FESTIVAL REPORT: by John & Katie Brutcher

We're back for what should be yet another exciting year of bluegrass music, and looking forward to bringing you our feedback from all our travels and sharing our adventures with you. Hoping to see ya all out there on the fields with us.


Overcast skies, down pours and blustery winds could not prevent the start of the newly formatted 4-day Tug Hill Bluegrass Festival. This was not how we expected to start our bluegrass season, but the phenomenal line up, to this annual trek, did not disappoint.

Campers and festival goers started setting up on Thursday, this year. After several wardrobe changes, to keep dry, John and I, along with a new member of the CNYBA, Mac Claflin and his wife Cathy, made our way to the main festival tent where OFF THE WALL kicked off the festival at 6 pm. This local band is mostly from the Camden, NY area.

From Nashville, THE GRASCALS, hit the stage with two shows, playing their first big hit, "Me, John & Paul" and "Are You Up To Getting Down Tonight". "Weary Cowboy" and "Time", written by our very own local songwriter, John Cadley were also performed. They continued with hits like, "Walk'in", "Hard Times", "Bluegrass Melodies", and the TV theme song to American Pickers, which you will find on the HISTORY channel, "Here Comes the American Pickers".

The GRASCALS also beautifully performed, "I AM", which is a song about the children at St. Jude's Hospital.

The down pours continued on Friday, as we waded through mud and followed the sea of multicolored umbrellas to the main tent.
The LAKE EFFECT BLUEGRASS band, led by Steve Millett out of Caughdenoy, NY, got things up and tapping with their new, reconfigured band including newest members Shawn Martin on mandolin, Gordon Lyons on banjo, and Charlie Ingersoll on dobro. They opened with, "Love, Oh Love, Please Come Home", and the "Old Home Place". They sang a Gibson Bros. song, "It's A Long Ways Down".

Dave Willson, their fiddler, pleased the audience with his yodeling and Karen Campolieto kept a reliable, steady beat on bass.

Friendly banter went on about lake effect snow, lake effect rain, and lake effect sunshine, which we were all hoping would show itself, but momentarily the audience seemed to forget about the weather outside. Everyone took their turn on "Salt Creek", which was their instrumental number.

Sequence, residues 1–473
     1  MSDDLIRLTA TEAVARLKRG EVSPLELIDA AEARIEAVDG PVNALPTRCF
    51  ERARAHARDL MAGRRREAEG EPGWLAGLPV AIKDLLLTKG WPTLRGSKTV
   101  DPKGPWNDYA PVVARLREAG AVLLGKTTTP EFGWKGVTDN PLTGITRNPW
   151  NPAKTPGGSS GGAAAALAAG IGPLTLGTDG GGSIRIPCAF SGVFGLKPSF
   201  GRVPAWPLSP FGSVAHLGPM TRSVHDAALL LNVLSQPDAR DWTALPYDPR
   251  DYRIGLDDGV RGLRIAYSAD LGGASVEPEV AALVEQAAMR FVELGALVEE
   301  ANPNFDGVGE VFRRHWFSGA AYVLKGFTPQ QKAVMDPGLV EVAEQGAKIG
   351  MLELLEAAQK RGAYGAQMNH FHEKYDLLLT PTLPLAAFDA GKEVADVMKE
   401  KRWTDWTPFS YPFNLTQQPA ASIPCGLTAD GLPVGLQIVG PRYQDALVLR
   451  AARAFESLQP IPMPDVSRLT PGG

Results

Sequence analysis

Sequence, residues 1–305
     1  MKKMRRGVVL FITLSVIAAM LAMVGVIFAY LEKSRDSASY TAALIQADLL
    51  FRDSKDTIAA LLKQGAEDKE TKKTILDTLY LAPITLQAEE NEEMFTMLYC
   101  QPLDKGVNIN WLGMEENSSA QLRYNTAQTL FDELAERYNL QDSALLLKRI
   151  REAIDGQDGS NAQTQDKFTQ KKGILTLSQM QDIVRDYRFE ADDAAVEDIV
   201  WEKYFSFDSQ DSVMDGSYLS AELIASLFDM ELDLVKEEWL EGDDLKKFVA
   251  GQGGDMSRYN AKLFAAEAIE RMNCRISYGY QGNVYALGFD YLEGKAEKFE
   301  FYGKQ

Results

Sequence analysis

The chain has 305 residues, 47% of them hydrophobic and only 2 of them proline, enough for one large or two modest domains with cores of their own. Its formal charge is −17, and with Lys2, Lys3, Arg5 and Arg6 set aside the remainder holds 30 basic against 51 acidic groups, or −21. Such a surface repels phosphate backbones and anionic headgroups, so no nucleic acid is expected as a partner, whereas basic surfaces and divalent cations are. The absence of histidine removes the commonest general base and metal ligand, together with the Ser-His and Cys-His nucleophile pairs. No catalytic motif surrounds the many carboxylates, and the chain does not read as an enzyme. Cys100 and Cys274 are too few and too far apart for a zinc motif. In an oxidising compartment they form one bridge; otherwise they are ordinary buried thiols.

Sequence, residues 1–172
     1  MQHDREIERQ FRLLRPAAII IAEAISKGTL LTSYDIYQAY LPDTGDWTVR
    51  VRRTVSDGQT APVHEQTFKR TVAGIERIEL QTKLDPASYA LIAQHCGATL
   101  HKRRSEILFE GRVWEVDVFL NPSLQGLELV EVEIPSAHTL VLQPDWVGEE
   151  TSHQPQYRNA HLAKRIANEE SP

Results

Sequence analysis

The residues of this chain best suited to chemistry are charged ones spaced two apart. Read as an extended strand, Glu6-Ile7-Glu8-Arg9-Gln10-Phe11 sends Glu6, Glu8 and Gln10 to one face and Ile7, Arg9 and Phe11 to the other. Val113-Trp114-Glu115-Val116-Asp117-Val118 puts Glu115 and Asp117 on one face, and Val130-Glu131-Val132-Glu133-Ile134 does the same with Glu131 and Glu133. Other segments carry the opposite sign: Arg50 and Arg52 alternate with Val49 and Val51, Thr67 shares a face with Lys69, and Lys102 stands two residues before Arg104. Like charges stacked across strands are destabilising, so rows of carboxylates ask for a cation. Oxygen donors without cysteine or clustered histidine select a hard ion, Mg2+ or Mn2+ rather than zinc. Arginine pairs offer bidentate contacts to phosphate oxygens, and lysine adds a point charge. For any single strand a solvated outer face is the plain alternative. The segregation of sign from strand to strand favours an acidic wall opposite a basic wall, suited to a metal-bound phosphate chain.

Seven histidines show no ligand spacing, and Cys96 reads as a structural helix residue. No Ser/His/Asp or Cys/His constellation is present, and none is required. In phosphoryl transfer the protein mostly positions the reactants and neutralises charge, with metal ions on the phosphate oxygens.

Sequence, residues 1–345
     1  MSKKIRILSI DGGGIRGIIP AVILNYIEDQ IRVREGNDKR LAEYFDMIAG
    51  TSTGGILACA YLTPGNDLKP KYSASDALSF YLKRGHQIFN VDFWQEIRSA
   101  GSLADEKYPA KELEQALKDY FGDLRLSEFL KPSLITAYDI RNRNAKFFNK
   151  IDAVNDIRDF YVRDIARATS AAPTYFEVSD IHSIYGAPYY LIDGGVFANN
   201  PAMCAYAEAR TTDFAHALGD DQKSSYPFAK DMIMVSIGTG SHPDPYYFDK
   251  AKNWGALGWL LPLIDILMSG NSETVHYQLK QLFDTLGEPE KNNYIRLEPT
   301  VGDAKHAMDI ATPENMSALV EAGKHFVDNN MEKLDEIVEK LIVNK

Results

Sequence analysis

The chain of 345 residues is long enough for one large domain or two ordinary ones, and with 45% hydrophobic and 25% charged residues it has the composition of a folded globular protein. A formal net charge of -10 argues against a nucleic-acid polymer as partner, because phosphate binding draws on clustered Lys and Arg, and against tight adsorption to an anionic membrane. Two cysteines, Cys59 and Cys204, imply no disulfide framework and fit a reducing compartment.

DARIN & BROOKE ALDRIDGE'S program included their new release "Home". I did not know that Becky Buller is now part of this duo as their fiddle player. They played, "The Window Sill Song", which Becky co-wrote with Tom T. & Dixie Hall. I always wondered how she was able to make that "trill" sound on the fiddle and now I know. It was exciting to watch her perform this.

John & I were really looking forward to the next band, having heard them so often on the radio and always missing them at other festivals. JOE MULLINS AND THE RADIO RAMBLERS did not disappoint. This very professional group does it all. They are mostly out of the Ohio and have a new CD out titled, "Hall of Fame Bluegrass". This is one band that you should definitely check out.
Of course, what would a Tug Hill Bluegrass Festival be without AUDIE BLAYLOCK & REDLINE. They come in fast and hard driv'in and they leave even faster and hard driv'in, but this is another band that can do it all. They played a crowd favorite, "Drink Up and Go Home", a sensitive number, "Fools Such As I", and the classic, "Back Up Push".


An advocate for the mandolin, MIKE COMPTON is a one man performer, at least on this occasion, playing his mandolin and singing. It was an interesting presentation, and quite entertaining. I'm glad I saw him. He played, "Frogs On The Lilly Pads", "Bring Your Clothes Back Home and Try Me One More Time", and "Roxanna's Waltz".
Once again, Buckridge Chainsaw Sculpture donated a bench seat. Terry McKendree does a beautiful job. There were also food vendors and a bluegrass academy for kids w/ Aaron Foster. There were other prizes given away and a 50/50 raffle.

THE CROWE BROTHERS, from Maggie Valley, NC, delighted us with some of their hits like, "The Winds Are Blowing in Maggie Valley", and "Engineer's Don't Wave From the Train Any More" and their newest recording, "Eighteen Wheels". Ryan Blaylock, no relation to Audie, was on banjo and The Crowe Brothers performed a rendition of "Remmington Ryde" which was the fastest I've ever heard it played. In order to get the "chop" sound of a mandolin, their bass was outfitted with a tambourine. Talk about innovation. It sounded pretty darn good, too.

THE LINDSEY FAMILY BAND took to the stage for two sets. It's wonderful to watch these kids grow up and see how musically talented they've become.

The host band for the festival, THE ATKINSON FAMILY BAND, did a tremendous job this year performing everyday tolerating all the rain and mud.

By now, we had enough. We let the weather get the best of us and we headed home. By 9PM, I was sitting in my hot tub with a glass of wine saying . . . ahhhh!

The Traveling Bluegrassers,
John & Katie Brutcher